As already said, there is a clear trend towards online marketplaces. Small and medium-sized retailers have no choice but to sell over these marketplaces. This is the only way to get to customers, especially as the consumer is becoming more and more mobile. The current top sales channel in the eCommerce is now the smartphone. However, SME retailers can only sell using this channel if it is listed on one of the popular marketplaces.

The situation continues to escalate. In Germany, a sports specialist retailer can currently no longer buy directly from Nike, but can only acquire stock via purchasing groups. However, the purchasing groups such as Sport 2000 and Intersport are not provided with the entire Nike product range, but only with goods manufactured specifically for this channel. Need an example? Well, let’s look at the new “Nike Dualtone Racer”. This new sneaker is currently advertised by Nike with huge full-wall posters. The chance to get it in Germany on Amazon or eBay is precisely zero. Only two (!!!) retailers currently offer this product. Nike selects the distribution without any form of qualitative criteria – and this is clearly anti-competitive.

A development whose negative consequences will affect retailers and consumers alike in the long run. We at the BVOH / Choice in eCommerce demand that politicians in Brussels and any other capital put an end to monopolization in eCommerce. Politicians must ensure that the same concentration of brands and chains does not appear in eCommerce as the sad reality already shows is the case in the central shopping streets of European metropolises. If politicians want variety in trade, then market-dominating companies such as Amazon and Nike must be regulated.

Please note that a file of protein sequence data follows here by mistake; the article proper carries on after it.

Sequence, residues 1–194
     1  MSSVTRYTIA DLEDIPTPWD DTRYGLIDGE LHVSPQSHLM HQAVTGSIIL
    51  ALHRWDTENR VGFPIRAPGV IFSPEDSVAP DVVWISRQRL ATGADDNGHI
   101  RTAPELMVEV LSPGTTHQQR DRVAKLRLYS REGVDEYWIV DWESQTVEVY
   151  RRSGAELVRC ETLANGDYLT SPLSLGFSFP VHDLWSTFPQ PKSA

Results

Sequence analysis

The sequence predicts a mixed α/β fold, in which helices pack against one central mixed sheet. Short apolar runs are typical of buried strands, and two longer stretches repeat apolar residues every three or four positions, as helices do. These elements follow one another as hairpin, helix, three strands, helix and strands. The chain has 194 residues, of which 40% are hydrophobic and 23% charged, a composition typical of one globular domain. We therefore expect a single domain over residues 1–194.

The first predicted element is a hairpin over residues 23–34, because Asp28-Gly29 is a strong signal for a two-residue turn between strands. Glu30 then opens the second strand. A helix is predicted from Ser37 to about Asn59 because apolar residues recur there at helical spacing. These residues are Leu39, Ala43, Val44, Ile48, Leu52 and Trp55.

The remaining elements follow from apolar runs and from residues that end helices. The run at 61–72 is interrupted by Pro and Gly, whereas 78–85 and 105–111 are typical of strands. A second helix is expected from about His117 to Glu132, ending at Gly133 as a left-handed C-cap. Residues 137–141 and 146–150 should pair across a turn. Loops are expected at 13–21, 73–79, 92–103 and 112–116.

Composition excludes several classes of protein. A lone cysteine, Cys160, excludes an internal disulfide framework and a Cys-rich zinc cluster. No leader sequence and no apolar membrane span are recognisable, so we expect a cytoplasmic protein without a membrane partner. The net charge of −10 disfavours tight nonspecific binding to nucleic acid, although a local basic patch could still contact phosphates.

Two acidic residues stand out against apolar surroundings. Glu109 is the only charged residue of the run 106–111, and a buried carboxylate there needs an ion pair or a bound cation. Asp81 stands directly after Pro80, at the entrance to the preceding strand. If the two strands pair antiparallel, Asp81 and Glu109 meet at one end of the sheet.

Perhaps there is a silver lining on the horizon: at the moment, the European Court of Justice (ECJ) is discussing the case of the perfume producer Coty, who also forbids its retailers to sell their products through marketplaces such as Amazon. The Higher Regional Court in Frankfurt am Main gave the case over to the ECJ. In the proceedings held before the ECJ Coty Germany/Parfümerie Akzente, C-230/16, the court has to clarify whether the “luxury image” of a product can be the justification for a selective distribution system and whether manufacturers can prohibit the sale by retailers of their goods on online marketplaces. Coty took one of its retailers, the perfume chain “Akzente” (www.parfumdreams.de/ and www.akzenteplus.de), to court in Frankfurt, as they were selling Coty products on Amazon’s marketplace despite a restrictive contractual agreement. Coty failed in its appeal before the District Court Frankfurt am Main, who regarded such a restriction by Coty as unlawful (AZ: 2-3 O 128/13. Coty submitted an appeal to the Higher Regional Court in Frankfurt am Main (11 U 96/14 (kart)) against this decision. The OLG then suspended the procedure on 19 April 2016, and asked the ECJ to clarify various questions on the legitimacy of market bans. A decision is expected at the end of this year.

This procedure shows very clearly how many manufacturers are proceeding. Using the edict: If you do not comply with my restrictions, retailers, I will take you to court and force you. If Coty were to get its way before the ECJ in the name of all manufacturers, this would signal the death penalty for diversity within the trade. For the manufacturers are now sensing a change of fortune in the air. Despite the number of restrictions having fallen in the past few years, they are now growing again significantly. The new sales agreements from the manufacturers Samsonite and LOWA are black and white about this inglorious trend to prohibit retailers from selling products on online marketplaces.

A carte blanche from the ECJ would mean that all manufacturers would restrict eCommerce to such an extent that only they themselves could offer the products over all channels and thus completely undermine any competition. Policy-makers, competitors, ECJ, we implore you: is this what free competition should look like in the future? Surely not. Because the death knell would have sounded for the European digital single market before it had even begun to blossom.